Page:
quickly realised this was a chance to hunt for a kilonova in
near-infrared light. The researchers needed to act quickly before the
light faded, so they requested Director's discretionary time on
Hubble's Wide-Field Camera 3. On June 12-13 Hubble observed a faint
red object at the site of the initial burst. Another observation
three weeks later, on July 3, showed that the source had faded away,
more or less confirming that it was the fireball from an explosive
event. Previously, astronomers had been looking at the aftermath of
short bursts largely in optical light, and were not really finding
anything besides the light of the gamma-ray burst itself. But the new
theory predicts that when you compare near-infrared and optical
images of a short gamma-ray burst about a week after the event, the
kilonova should appear in the infrared, and that is what seemed to

The ideas on the nature of short GRBs have two other implications.
First, the origin of many heavy chemical elements, including gold and
platinum, has long been a puzzle, but kilonovae are predicted to form
such elements, ejecting them into space where they can become
incorporated into future generations of stars. Secondly, the mergers
of compact objects are also expected to emit gravitational waves,
first predicted by Einstein. Such waves have not yet been observed,
but new instruments under development *may* detect them.

Space Telescope Science Institute (STScI)

Astronomers using the Hubble telescope have identified the origin of
the Magellanic Stream, a long ribbon of gas stretching nearly halfway
around our Milky Way galaxy. The Large and Small Magellanic Clouds,
two dwarf galaxies orbiting the Milky Way, are at the head of the
gaseous stream. Since the stream's discovery by radio telescopes in
the early 1970s, astronomers have wondered whether the gas comes from
one or both of the satellite galaxies. Now the Hubble observations
show that most of the gas was stripped from the Small Magellanic Cloud
about 2 billion years ago, and a second region of the stream
originated more recently from the Large Magellanic Cloud. The team
determined the source of the gas filament by using Hubble's 'Cosmic
Origins Spectrograph' (COS) to measure the amount of heavy elements,
such as oxygen and sulphur, at six locations along the Magellanic
Stream. COS observed distant quasars whose emitted light passes
through the stream and recorded absorption lines formed by stream
material in the ultraviolet. There were low abundances of oxygen and
sulphur along most of the stream, matching the levels in the Small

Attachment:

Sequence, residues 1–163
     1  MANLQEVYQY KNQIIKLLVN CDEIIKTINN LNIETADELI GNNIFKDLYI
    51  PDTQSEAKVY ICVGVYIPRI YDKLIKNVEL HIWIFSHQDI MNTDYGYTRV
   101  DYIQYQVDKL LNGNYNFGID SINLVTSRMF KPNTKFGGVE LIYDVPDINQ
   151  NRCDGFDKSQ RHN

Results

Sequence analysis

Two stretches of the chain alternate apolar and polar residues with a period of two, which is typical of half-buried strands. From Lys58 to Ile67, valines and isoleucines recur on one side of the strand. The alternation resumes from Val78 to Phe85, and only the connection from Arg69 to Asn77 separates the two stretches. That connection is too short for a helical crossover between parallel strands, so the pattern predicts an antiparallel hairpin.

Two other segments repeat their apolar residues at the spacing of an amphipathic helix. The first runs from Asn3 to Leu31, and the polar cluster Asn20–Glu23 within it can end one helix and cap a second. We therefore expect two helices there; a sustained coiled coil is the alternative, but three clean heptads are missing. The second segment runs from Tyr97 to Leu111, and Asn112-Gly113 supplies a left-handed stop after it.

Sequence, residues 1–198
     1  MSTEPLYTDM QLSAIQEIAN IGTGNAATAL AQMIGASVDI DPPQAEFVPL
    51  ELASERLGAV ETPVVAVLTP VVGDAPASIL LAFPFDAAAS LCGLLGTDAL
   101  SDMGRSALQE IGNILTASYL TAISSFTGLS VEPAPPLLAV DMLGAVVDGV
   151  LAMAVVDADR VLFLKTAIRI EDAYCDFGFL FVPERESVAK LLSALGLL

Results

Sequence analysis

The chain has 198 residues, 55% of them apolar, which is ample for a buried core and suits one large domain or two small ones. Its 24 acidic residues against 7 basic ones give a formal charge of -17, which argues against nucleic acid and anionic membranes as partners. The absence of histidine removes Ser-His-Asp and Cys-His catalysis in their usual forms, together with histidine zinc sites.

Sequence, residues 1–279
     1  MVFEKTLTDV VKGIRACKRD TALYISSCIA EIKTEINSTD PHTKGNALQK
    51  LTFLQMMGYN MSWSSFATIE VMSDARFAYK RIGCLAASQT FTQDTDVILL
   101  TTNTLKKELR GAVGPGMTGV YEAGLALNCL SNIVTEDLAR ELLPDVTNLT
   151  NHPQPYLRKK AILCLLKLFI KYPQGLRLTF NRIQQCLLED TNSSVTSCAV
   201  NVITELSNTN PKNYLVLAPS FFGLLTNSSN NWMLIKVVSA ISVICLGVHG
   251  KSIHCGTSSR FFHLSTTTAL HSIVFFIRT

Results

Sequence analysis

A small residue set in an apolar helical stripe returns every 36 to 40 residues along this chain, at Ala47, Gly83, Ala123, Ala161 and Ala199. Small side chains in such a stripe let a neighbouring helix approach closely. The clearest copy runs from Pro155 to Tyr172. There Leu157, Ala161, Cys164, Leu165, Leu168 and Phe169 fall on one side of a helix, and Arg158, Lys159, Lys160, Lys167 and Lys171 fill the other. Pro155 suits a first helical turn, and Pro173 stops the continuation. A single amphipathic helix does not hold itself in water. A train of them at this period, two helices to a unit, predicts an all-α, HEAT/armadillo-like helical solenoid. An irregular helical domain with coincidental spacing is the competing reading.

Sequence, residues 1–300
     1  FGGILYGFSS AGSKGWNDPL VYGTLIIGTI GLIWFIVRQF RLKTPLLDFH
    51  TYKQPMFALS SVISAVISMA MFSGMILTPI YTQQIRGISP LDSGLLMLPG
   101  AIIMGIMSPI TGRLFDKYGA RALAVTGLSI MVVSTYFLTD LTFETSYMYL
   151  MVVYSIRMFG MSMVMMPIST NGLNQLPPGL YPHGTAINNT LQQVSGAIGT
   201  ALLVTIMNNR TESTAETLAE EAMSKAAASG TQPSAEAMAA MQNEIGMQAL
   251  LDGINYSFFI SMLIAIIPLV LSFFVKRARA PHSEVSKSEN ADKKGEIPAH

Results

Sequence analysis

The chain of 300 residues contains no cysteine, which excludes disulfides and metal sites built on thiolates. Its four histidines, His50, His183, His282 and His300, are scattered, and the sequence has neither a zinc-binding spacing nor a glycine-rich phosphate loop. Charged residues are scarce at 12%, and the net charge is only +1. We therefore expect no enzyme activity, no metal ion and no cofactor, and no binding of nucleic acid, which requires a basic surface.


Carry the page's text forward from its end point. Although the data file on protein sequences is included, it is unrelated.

Magellanic Cloud about 2 billion years ago, when the gaseous ribbon
was thought to have been formed. There is, however, a much higher
level of sulphur in a region closer to the Magellanic Clouds, where
the composition is similar to that of the Large Magellanic Cloud,
suggesting that that part of the stream was stripped out of that
galaxy more recently.

Only a telescope in space can measure such abundances because the
relevant absorption lines are in the ultraviolet, where the Earth's
atmosphere is opaque. Apart from the Magellanic Clouds, other
satellite galaxies of the Milky Way have lost their gas. The
Magellanic Clouds have been able to retain much of their gas and
continue forming stars because they are more massive than the other
satellites. However, their proximity to the Milky Way and to one
another has led to their loss of the material that we see as the

Alan Clitherow, Director, SPA Planetary Section

Neptune comes to opposition on August 27. It will not be very high in
the sky, ranging from about 22 to 27°, depending on where in the UK
you are; however, that is comparable with the recent apparition of
Saturn, and some very successful observations were made of that planet
over the last few months. Neptune is moving slowly westwards through
Aquarius, but at magnitude 7.9 it is not visible to the unaided eye.
To find it, draw a line through the star Enif (Epsilon Pegasi), at the
south-western extreme of that constellation, to Alpha Aquarii some 10°
degrees south and slightly to the east. Then simply extend the line
the same distance again and you will be looking almost directly at
Neptune; it drifts only a small amount against the background stars
over the coming couple of months.

As there are several stars of similar magnitude in the area, Neptune
can best be found by looking for its distinctive blue colour and then
ramping up the magnification to see if the object resolves into a
disc or remains a point-like source; if you resolve its 2.4 arc-
second disc then you have found the planet. Binoculars will not be
powerful enough to distinguish the planet from the stars; to see the
disc you will need a magnification of at least 100 times and the more
telescopic aperture available the better to help with increased